I get two benefits; filling up the brood boxes faster and empty frames from this years splits. It’s a win-win in my opinion.

    • Jeff,

      The squirt of honey is a good idea. I love the idea that the bees clean up so well and nothing is wasted.

    • Neil,

      I think it is nonsense. It was a survey, not a study, so there were no controls. Many people think the results were due to exogenous variables. For instance: A colony is dying. In a last-ditch effort to save them, the beekeeping tries feeding them honey, hoping it helps to boost their strength. But it was too late and the bees die anyway. The survey then asks what you were feeding when they died. Answer: honey. From what I’ve read, this paper was thoroughly dissed.

  • I collected some honey from a feral colony (the tree they were in fell down). After processing the honey, I left some of the kitchen equipment and smushed honeycomb for my home-colony to clean. WIth all the rain, I decided to put the tins and spoons etc in the hive, covered by an empty box. In a matter of two days, I now have hundreds of dead bees.

    I thought maybe they were drowning in the honey, as they couldn’t climb out of the bowl for example, so I’m not putting in anything sloped again. I have some other theories (keep in mind I’m a first year beek). Are they gorging themselves to death? They look it, like they are turning black and bloated. Are these more of the robber bees from earlier in the season who now have easier pickings, but they’re also being killed off? Is there something on my equipment, like dish soap residue or even molecules of pesticide (a lot of this stuff road in the back of my truck which has also carried pesticides I use on rental properties. Is it possible that the pesticides I mixed/spilled in the back of my truck 2 weeks ago could off-gas “fumes” to permeate honeycomb?? I even washed the back of the truck with soap and water!

    I think this colony is allergic to honey, considering they have never put any up! I’ve never seen a single capped cell in this hive. They also quit drinking sugar syrup a few weeks ago.

    • JP,

      Honey bees don’t do well in containers of honey, even if it is very shallow. They get it all over themselves and then get stuck in it and die. However you feed it, just make sure they have things (like stones) to climb on so they can get out again.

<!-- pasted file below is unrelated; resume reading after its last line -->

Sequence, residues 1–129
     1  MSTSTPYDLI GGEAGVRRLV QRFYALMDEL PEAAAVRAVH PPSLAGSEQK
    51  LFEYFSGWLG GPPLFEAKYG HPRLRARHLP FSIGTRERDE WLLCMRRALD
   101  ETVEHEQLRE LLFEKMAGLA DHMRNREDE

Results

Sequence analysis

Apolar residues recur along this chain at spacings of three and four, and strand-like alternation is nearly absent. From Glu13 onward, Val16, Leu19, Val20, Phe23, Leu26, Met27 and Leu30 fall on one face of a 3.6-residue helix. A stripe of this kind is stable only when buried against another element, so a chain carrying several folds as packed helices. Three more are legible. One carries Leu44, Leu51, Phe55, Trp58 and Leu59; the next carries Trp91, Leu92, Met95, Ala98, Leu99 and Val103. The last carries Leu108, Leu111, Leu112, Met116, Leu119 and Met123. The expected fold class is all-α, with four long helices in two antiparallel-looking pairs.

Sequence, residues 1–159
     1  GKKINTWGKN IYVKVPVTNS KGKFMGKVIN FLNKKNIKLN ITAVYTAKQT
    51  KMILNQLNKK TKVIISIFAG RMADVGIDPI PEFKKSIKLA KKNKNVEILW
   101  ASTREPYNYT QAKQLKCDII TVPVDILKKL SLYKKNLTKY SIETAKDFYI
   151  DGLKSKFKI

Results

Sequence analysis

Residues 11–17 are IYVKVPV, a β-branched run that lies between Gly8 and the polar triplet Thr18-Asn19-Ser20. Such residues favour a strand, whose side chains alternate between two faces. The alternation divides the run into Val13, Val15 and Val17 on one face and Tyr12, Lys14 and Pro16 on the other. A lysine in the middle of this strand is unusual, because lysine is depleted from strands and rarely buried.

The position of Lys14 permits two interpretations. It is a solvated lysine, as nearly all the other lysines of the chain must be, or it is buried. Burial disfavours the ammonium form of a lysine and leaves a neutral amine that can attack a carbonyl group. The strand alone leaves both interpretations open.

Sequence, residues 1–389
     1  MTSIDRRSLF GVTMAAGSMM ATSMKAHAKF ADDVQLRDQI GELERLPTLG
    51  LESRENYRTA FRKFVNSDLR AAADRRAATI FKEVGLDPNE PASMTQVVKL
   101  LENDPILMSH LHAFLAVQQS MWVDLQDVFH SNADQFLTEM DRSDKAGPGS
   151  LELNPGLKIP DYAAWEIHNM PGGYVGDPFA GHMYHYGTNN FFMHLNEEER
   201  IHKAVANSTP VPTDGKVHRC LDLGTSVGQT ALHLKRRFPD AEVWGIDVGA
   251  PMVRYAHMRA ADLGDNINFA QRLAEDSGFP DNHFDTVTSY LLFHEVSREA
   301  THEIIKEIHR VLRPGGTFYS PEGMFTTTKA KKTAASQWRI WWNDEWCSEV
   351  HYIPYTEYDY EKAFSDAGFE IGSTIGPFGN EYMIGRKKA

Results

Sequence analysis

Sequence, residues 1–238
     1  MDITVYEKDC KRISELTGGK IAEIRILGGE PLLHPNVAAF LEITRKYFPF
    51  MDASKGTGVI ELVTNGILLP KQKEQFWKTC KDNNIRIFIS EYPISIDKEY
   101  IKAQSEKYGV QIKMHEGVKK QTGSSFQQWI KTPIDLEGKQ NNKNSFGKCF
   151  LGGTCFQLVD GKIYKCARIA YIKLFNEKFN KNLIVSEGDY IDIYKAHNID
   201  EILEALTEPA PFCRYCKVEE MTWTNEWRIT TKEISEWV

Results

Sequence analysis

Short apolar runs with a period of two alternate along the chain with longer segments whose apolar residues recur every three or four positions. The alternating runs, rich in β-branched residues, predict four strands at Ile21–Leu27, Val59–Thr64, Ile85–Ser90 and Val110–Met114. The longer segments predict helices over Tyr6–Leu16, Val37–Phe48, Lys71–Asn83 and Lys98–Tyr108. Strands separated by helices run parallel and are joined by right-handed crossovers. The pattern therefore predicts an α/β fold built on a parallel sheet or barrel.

• Hi, can I feed crystalized honey in the winter? I’m in Pa and would like to supplement their food as we approach late winter/very early spring.

  • I am Kev from Runcorn, England. I have been keeping bees now for three years, started with one hive, tried adding a flow hive to see what they are about. The bees just stay in the brood box and do not bother with the artificial frames at all. I now have a third hive almost ready to populate. My first batch of honey was a very popular rich dark honey, cut to two years later as there was nothing last year and I got twice as much honey, a lot lighter in colour but within just two weeks every single jar has crystalised. I do not think this will sell as well so just read some good suggestions of putting the jars in the hives and giving back to the bees. My question is this, will doing this mean my next batch of honey will also crystalise?

    • Kev,

      That will depend on when you give it to them. If they are actively making and storing honey when you feed it to them, they may just re-store it. So it would probably re-crystallize. If you feed it to them in the winter when they are consuming their honey for survival, they would not re-store it.

      As a general rule, folks in the UK are more accepting of crystallized honey than North Americans, but you would know better than I. Did that light, fast-crystallizing honey come from oilseed rape? Sounds like it.